ALBUQUERQUE, N.M. — The family members of fallen Marine Emilian Sanchez of Santa Ana Pueblo stood side by side and draped their left arms on the right shoulders of one another and placed their hands over their hearts as taps played during Sunday’s 9/11 commemoration ceremonies at Civic Plaza in Downtown Albuquerque.
As the last haunting note of the military bugle call played, Sanchez’s older brother, Joey, wiped away a tear for Emilian, a 20-year-old who died in combat in Al Anbar, Iraq, in January 2007.
Sunday’s event was to commemorate the 10th anniversary of the Sept. 11, 2001, terrorist attacks on the World Trade Center and the Pentagon, and Joey Sanchez noted that his little brother joined the Marines, in part, as a response to the attacks.
Wearing T-shirts with Lance Cpl. Emilian Sanchez’s likeness and a written tribute to their “warrior hero,” the family was honoring not only his memory, but those of all the 9/11 victims and military personnel who have died in the wars that followed, Joey Sanchez said.
Exactly 10 years ago Sunday, 19 hijackers took control of four commercial airliners, crashing two of them 17 minutes apart into the World Trade Center’s twin towers in New York City and a third into the Pentagon in Washington, D.C. The fourth jet crashed near Shanksville, Pa., when some of the passengers battled the hijackers. Its intended target was the U.S. Capitol, investigators learned later.
“We’re here to remember all the fallen heroes who died because of 9/11,” Joey Sanchez said Sunday.
“It was partly because of that attack that my baby brother went to war and we lost him,” he explained. “This is a tribute to all the sacrifices he and so many others have made.”
More than 300 people assembled at Civic Plaza to hear speakers remember and pay tribute to the 9/11 victims, whose names appeared on a pair of banners on long columns at the plaza, and the heroes of that day.
“September 11 will never be just another day in he hearts and minds of Americans,” City Councilor Don Harris said.
Gov. Susana Martinez said it’s a day to remember the courage and selflessness of Americans saving the lives of other Americans, though they may have been strangers, and the “continuing fight” by the members of the armed services against terrorism.
“Just as the events of Pearl Harbor defined a generation for greatness, so have the events of 9/11 in America’s efforts to protect peace and freedom and to keep our citizens safe at home,” the governor said.
Other observances across New Mexico included a candlelight vigil at Bataan Memorial Park organized by the Albuquerque Center for Peace and Justice and the ninth annual 9/11 Stair Climb at the Bank of Albuquerque building in which city firemen climbed in full gear 110 stories — the same height as the twin towers.
At a special 9/11 memorial Mass celebrated in the afternoon at Sacred Heart Catholic Church in Barelas, two Albuquerque Fire Department ladder trucks hoisted a huge American flag in front of the church, which houses two large support beams salvaged from the wreckage of the World Trade Center.
Dignitaries, including Mayor Richard Berry and former U.S. Rep. Heather Wilson, attended, as did a group of firefighters and several state politicians. A bagpiper played a solemn version of “Amazing Grace” at the beginning of the Mass. The Rev. Clarence Maes in his homily reflected on how hard and scary it can be to forgive others.
“We talk about terrorists, and things that threaten us. What God is saying is the thing that threatens us most is our ability to forgive. If we are not able to forgive, we cannot find that for ourselves,” Maes said. “The reason we forgive … is that none of us are free from sin.”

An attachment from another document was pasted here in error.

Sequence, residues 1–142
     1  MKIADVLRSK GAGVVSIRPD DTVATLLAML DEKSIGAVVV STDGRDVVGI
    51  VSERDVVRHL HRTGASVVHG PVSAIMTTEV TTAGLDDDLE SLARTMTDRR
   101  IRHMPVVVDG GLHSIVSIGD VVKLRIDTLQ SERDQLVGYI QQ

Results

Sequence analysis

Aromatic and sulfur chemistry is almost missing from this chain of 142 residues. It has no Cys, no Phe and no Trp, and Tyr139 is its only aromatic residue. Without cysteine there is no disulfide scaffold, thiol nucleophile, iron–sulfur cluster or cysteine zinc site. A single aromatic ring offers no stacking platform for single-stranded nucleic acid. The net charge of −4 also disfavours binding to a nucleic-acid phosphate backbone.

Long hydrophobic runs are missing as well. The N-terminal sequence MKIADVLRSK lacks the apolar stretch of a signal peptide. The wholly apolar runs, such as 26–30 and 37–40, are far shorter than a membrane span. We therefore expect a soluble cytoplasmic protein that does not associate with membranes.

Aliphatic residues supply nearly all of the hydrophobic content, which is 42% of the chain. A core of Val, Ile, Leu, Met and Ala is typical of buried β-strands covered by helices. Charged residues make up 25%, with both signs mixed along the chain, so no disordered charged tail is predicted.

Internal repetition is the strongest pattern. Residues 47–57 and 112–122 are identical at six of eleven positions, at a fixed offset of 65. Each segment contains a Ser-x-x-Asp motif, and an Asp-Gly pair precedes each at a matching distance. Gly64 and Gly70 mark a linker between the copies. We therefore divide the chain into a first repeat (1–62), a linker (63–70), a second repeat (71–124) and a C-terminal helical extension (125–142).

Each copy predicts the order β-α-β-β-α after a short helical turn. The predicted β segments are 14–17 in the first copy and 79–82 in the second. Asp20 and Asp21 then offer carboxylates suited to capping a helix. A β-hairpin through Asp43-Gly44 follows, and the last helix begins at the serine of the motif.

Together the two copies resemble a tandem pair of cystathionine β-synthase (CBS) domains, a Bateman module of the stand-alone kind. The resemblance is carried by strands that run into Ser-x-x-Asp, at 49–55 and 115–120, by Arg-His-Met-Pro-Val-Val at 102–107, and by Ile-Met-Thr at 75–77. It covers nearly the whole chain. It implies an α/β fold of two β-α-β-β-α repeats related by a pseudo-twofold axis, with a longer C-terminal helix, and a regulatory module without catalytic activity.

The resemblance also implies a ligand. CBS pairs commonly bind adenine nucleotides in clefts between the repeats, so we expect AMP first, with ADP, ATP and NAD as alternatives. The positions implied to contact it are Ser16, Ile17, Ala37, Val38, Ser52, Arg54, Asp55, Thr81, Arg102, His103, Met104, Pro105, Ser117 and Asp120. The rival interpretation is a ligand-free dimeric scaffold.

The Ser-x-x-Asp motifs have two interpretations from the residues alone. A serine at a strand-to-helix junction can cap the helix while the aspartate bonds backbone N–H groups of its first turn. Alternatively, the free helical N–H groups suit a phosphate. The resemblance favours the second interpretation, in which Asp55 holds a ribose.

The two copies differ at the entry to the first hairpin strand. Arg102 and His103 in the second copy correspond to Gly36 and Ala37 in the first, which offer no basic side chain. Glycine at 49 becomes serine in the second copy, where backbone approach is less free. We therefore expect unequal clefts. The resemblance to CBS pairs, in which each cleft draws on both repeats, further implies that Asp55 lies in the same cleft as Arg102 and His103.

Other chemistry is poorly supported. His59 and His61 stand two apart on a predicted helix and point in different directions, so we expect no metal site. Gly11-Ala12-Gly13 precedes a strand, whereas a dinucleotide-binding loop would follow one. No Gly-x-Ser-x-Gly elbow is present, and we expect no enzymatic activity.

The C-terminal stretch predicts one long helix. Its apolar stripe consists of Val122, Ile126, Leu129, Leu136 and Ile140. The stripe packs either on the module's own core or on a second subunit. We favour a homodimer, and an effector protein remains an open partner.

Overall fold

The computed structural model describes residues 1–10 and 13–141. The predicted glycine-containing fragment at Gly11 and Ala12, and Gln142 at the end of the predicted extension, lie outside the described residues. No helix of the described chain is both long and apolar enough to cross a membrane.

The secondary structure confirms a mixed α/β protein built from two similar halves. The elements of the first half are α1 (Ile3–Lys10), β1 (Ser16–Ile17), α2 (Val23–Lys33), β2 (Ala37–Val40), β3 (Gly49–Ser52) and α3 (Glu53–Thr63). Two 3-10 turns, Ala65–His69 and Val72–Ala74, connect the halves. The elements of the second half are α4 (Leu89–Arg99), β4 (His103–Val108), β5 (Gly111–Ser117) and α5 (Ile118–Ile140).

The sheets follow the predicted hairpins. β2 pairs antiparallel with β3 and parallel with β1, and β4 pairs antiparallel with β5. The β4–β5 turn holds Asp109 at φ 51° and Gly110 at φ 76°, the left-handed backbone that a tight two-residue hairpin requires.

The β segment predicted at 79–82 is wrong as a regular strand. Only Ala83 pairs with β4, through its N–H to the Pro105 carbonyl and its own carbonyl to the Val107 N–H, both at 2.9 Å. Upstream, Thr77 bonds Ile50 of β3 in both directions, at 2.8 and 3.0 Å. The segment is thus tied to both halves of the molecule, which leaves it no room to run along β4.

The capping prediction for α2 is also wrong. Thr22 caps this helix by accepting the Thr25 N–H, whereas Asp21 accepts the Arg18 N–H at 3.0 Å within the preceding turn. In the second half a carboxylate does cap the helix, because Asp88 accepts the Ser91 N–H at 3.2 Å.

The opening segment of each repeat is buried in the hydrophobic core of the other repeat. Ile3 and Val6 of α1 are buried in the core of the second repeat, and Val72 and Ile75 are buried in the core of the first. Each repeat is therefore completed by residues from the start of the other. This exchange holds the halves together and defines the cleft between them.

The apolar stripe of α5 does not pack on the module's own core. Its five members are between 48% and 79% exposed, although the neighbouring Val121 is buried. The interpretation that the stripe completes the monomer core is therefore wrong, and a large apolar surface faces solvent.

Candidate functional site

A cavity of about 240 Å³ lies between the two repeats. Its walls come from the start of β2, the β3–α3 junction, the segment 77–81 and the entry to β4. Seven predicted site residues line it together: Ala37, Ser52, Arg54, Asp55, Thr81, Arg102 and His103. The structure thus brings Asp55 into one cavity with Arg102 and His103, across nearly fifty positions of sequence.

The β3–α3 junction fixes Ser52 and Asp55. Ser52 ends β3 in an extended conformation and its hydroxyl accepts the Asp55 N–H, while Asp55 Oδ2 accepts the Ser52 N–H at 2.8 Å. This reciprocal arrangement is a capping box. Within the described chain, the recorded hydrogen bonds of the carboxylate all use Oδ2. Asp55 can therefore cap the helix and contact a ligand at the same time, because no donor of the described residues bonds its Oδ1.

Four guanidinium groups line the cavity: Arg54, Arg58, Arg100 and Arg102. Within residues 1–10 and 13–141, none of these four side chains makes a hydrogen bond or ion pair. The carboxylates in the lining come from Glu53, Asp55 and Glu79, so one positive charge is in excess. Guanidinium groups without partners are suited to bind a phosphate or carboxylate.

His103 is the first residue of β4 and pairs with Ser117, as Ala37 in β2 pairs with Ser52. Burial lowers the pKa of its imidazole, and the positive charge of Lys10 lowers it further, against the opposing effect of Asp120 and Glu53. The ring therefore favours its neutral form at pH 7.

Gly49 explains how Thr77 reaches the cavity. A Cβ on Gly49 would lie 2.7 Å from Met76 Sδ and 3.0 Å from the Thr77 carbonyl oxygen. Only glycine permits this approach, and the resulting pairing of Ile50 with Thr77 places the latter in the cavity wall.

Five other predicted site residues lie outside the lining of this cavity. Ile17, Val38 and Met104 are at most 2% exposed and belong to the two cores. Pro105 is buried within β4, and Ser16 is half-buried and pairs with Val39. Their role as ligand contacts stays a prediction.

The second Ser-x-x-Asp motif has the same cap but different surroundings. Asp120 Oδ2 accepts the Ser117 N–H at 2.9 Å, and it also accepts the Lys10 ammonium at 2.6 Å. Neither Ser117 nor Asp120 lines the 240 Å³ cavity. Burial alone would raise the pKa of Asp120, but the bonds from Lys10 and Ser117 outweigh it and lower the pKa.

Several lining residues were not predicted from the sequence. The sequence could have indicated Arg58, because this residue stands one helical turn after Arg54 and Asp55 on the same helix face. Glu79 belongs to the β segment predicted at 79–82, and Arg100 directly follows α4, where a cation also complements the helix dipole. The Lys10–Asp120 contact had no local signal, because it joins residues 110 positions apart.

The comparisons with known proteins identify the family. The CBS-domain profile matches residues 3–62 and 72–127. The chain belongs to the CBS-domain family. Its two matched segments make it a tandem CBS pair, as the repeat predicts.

At Civic Plaza, Lara Jackson of Albuquerque said she made a point of memorizing some of the names of the 9/11 casualties, saying she was concerned that too much attention was paid to statistics, numbers like the 2,977 victims, and not to the personal lives of those who perished.
Jackson said she was particularly touched by the story of one of the victims, Brooklyn-bred Franciscan friar Mychal Judge, a 68-year-old Roman Catholic priest and a New York City fire department chaplain, who she said cared for the poor.
Rodney Miller, an FBI agent present in the twin towers when the attack occurred, and a keynote speaker at the Civic Plaza remembrance, said Sept. 11, 2001, started out as a beautiful late-summer day.
“I was sitting at the base of the north tower when suddenly I looked up and saw a giant fireball, causing I and others to run for cover,” Miller said.
He was most impressed, he said, by the selfless diligence and professionalism of police and firemen as they responded, getting as many people as they could to safety.
He told the audience that, since 9/11, the FBI has dedicated more of its intelligence and investigative resources to preventing future attacks.
As Miller spoke to an attentive and serious audience, 5-year-old Isabella Spencer twisted and fidgeted while her mother, Marcia Spencer of Los Lunas, tried unsuccessfully to keep Isabella focused on the procession of speakers, though Isabella did applaud at the appropriate moments.
“After this, can we go get something to eat and look around?” Isabella asked, her mother saying, yes, if she was good.
“I think she’s too young now to understand what is going on, but I’m hoping that as she gets older, she will know and understand the events of that day and how it changed all of us,” Marcia said, adding that she has exposed Isabella to information on the historical event as well as spoken to her about it.
“It was a turning point in my life, and I want her to know how important this day was to me and to everyone touched by it,” she said.
— Journal Staff Writer Juan Carlos Rodriguez contributed to this report.
— This article appeared on page A1 of the Albuquerque Journal